“The switch will definitely negatively impact my students,” said Curttright, who has been teaching at Temple for six years. “I would have loved to have the summer to have planned for a fully online course. I could give the students a better learning experience.”

Students living in university housing can opt to return home to complete their courses, according to the president’s announcement. If they leave by Sept.13., the school will fully refund their room and board for the fall semester.

Students who “want or need to remain on campus” can stay.

But Blue and others are worried that classroom instruction wasn’t really the driving force of the outbreak to begin with.

“When I’m on campus, I see people like 90% of the time following the rules: wearing masks, making sure that they’re distancing,” Blue said. “In all the buildings, there are little dots you have to stand on and someone’s enforcing like, ‘Stay on the dot.’”

Residence halls prohibit guests, precluding gatherings in dorm rooms. All tutoring, clubs and dorm hall meetings are online. Only 25% of courses were being offered in person to begin with.

“I don’t know if canceling in-person classes is going to do a whole lot, because there aren’t that many in-person classes in the first place,” Blue said.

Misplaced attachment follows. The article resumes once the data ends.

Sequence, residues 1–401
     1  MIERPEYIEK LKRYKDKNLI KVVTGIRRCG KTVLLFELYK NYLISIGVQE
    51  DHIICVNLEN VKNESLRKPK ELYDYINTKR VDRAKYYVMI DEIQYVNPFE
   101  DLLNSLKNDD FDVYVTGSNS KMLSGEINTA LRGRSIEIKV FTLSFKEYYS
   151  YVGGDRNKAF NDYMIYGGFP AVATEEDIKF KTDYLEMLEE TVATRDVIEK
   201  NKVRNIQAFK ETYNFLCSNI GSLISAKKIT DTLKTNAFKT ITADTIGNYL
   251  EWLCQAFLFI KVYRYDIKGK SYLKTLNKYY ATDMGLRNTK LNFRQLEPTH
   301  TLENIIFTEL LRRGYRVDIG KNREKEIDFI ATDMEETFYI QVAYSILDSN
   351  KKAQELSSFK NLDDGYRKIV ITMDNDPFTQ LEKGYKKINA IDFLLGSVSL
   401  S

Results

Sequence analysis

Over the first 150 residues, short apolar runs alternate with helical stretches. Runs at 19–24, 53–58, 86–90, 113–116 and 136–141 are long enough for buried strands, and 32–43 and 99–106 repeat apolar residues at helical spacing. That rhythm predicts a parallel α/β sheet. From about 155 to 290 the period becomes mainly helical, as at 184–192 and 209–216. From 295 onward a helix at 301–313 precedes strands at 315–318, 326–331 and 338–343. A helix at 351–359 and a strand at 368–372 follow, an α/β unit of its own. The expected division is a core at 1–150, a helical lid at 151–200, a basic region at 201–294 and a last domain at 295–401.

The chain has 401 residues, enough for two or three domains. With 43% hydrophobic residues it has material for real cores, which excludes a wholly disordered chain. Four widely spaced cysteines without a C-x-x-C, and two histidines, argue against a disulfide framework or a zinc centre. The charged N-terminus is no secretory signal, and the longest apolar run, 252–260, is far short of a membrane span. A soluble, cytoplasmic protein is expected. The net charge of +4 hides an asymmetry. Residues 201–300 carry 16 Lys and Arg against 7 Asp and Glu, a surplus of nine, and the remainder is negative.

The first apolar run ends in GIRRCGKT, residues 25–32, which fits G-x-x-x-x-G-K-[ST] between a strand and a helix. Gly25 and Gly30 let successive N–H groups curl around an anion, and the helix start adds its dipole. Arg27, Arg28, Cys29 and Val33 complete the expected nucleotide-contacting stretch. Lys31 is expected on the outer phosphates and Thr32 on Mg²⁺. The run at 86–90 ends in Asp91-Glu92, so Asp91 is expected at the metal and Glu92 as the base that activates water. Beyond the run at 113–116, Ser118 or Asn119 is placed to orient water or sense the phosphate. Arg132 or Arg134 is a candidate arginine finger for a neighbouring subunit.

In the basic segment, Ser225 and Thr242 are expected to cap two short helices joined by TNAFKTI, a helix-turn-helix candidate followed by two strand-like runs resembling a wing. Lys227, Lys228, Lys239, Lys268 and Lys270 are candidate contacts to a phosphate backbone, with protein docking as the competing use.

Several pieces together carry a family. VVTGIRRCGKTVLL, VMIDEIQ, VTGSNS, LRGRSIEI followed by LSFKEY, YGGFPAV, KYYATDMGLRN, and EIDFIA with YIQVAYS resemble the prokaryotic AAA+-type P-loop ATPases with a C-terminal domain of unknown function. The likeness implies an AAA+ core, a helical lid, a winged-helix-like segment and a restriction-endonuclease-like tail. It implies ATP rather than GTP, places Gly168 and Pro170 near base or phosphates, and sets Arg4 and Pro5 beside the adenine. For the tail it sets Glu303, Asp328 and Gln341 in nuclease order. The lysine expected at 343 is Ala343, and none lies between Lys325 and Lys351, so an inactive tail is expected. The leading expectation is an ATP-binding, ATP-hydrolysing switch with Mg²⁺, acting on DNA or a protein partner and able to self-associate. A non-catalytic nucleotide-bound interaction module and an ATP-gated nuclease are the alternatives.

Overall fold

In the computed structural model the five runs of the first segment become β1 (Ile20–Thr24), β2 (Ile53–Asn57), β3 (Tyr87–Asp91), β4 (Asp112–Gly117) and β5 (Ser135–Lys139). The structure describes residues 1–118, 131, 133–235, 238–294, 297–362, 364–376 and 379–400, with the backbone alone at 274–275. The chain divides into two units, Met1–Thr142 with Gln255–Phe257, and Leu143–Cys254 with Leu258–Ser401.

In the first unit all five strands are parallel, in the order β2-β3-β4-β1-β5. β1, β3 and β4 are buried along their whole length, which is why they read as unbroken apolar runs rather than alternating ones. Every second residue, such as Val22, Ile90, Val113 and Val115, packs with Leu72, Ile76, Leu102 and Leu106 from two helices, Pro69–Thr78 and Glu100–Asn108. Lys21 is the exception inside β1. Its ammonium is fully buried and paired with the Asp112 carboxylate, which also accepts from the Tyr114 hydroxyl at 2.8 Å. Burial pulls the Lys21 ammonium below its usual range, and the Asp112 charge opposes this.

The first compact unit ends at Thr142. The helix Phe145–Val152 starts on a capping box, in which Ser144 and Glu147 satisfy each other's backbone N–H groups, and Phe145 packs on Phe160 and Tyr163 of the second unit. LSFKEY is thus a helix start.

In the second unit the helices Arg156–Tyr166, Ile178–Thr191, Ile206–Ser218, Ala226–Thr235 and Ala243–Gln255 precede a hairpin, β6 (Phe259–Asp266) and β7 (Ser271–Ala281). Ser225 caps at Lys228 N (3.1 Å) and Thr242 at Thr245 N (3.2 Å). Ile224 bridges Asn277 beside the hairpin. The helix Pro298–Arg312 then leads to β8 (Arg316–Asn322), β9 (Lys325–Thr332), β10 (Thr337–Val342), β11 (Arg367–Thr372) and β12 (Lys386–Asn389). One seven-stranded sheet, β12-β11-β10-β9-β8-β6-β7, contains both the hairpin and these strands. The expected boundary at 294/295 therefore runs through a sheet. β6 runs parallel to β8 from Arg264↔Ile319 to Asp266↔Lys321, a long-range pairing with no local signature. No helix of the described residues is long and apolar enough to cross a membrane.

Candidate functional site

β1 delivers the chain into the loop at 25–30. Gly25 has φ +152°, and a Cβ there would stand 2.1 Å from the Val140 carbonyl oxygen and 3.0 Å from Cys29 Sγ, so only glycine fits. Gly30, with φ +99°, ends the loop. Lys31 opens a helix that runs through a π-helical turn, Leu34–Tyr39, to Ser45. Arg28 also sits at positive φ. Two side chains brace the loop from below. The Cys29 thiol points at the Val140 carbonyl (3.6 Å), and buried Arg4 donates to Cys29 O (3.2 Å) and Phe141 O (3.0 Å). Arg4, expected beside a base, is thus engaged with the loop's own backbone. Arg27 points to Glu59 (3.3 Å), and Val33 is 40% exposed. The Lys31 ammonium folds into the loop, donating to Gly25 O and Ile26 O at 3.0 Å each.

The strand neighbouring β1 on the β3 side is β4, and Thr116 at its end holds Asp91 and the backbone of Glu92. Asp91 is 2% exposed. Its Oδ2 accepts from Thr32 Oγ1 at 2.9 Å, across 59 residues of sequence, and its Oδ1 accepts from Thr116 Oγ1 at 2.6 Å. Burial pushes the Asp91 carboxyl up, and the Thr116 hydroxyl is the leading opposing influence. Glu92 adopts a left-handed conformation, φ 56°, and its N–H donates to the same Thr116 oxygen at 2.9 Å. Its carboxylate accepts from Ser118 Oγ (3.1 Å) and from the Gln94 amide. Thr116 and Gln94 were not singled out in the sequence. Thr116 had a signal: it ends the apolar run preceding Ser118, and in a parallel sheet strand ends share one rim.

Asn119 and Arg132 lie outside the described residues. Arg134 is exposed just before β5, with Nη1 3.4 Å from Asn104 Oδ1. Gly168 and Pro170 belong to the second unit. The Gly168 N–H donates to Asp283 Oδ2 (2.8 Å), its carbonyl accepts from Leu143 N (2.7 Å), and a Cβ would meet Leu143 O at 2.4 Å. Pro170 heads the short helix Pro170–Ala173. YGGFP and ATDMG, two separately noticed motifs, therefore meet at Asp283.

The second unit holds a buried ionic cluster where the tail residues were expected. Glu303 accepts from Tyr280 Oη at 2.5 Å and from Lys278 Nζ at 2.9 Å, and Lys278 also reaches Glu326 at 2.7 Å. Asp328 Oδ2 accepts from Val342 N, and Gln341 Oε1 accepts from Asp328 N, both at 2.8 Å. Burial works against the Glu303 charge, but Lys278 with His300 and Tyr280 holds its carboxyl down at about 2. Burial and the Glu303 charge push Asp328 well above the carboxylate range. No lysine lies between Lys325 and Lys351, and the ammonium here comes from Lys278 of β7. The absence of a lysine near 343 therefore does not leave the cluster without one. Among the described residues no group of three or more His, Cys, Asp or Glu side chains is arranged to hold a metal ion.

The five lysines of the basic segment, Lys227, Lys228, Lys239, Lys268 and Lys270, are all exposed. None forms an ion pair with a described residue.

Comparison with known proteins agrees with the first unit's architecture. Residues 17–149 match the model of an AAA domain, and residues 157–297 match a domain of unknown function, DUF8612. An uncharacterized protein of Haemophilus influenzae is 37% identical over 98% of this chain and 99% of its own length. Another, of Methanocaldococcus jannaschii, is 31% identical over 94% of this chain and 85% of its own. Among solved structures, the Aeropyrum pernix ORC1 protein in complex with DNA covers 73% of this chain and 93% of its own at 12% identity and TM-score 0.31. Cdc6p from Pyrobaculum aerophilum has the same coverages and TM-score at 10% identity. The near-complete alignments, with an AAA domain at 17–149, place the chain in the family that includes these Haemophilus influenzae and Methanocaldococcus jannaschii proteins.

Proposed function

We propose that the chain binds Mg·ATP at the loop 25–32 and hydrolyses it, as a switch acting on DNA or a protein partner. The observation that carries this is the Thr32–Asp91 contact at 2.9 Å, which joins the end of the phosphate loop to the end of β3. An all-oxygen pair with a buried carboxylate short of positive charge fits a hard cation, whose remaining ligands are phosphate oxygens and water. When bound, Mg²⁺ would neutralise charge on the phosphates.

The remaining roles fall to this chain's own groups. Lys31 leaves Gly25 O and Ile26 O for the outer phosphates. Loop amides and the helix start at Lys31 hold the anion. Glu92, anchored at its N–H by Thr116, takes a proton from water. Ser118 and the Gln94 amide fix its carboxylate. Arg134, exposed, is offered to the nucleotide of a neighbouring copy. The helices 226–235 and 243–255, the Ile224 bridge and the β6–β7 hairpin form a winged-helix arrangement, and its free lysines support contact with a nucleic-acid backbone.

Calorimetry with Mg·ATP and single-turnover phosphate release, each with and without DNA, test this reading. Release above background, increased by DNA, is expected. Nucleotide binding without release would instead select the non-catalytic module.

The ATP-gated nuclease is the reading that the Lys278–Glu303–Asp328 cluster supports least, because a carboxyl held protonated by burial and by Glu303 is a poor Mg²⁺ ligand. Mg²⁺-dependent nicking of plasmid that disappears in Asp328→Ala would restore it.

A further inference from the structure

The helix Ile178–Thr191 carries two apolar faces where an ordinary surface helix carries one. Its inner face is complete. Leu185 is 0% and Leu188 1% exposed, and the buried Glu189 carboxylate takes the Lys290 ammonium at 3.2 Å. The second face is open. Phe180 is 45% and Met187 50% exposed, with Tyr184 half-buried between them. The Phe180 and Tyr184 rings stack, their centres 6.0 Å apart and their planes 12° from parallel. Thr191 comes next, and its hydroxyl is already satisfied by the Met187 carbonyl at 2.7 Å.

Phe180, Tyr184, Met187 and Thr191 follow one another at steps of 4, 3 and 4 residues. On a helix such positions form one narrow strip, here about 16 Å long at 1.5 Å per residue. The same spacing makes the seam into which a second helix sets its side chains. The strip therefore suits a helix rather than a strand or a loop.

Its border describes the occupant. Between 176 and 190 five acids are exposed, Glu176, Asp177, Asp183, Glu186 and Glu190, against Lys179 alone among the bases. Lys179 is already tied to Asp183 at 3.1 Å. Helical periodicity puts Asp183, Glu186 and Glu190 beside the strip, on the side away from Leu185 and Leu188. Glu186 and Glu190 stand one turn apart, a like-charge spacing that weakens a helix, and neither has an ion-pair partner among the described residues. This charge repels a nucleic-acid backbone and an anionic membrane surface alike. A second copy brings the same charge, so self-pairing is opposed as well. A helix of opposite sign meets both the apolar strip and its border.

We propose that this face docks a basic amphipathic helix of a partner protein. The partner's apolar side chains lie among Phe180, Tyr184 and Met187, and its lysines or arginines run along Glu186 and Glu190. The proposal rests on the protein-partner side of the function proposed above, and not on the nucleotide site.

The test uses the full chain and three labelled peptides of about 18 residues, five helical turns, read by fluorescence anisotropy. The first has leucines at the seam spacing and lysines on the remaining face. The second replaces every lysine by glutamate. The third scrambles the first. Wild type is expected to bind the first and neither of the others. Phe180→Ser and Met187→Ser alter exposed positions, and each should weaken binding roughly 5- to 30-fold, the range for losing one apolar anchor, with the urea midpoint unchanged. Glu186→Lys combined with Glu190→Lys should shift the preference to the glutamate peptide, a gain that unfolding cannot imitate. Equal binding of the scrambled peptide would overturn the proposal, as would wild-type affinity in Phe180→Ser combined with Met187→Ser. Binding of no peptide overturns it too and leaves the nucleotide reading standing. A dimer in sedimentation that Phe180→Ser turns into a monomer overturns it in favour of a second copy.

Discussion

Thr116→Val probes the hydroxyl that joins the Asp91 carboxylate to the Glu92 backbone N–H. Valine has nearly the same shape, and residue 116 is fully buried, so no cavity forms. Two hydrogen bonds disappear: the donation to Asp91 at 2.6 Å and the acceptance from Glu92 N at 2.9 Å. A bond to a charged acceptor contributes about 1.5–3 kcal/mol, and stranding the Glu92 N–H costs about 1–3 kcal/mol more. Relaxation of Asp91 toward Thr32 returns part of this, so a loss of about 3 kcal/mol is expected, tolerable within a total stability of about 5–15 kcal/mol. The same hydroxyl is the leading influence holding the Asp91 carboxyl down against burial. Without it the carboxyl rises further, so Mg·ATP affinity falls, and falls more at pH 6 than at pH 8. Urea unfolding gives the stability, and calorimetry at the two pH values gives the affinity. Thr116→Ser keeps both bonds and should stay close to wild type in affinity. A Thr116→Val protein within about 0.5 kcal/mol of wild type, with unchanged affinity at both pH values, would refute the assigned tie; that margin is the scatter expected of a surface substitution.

Curttright agreed that in-person instruction itself may not be the source of the outbreak. He taught one course in-person last week before the administration decided to suspend classes and said that while it was awkward and tricky to achieve the pacing and vibrancy of a normal discussion-based class, it didn’t feel unsafe.

“The classroom might not be the place where the disease is being spread — but that having classes is still the problem,” he said, noting crowded stairways, dining areas and transportation.

Eighty percent of Temple’s nearly 30,000 undergraduates live off campus, and may not have the same ease getting out of their leases with private landlords as students living on campus who are being promised refunds. Blue and other students have also expressed anger that the administration would put residents in the area surrounding Temple at risk.

“To have a mass community of college students come into this lower-income community and possibly bring the virus, it’s not fair to the surrounding communities,” she said.

The Philadelphia Department of Public Health is exploring options for setting up a testing clinic on campus, though no plans have been finalized yet. In the meantime, Temple is working to supplement the testing capacity of its Student Health Services clinic, according to department spokesperson James Garrow.

Newman said the union tried to warn the administration that whatever it thought Temple might save in lost revenue by bringing students back wouldn’t be worth it in the long run.

“Where students do feel there was a bait and switch, whether that was really what was happening, you can’t simply change perception,” he said. “So if that’s what a lot of students feel, are they going to feel alienated from Temple? Are they gonna come back?”

Blue, who spent less than two weeks of her first semester as a Temple student on campus, said she feels once again like she’s been left with no choice.

“I don’t know what the point of me staying here is, if I’m just going to be all cooped up,” she said.

She’s headed back to Pittsburgh next week, although she fears that by showing up at all, the damage has already been done.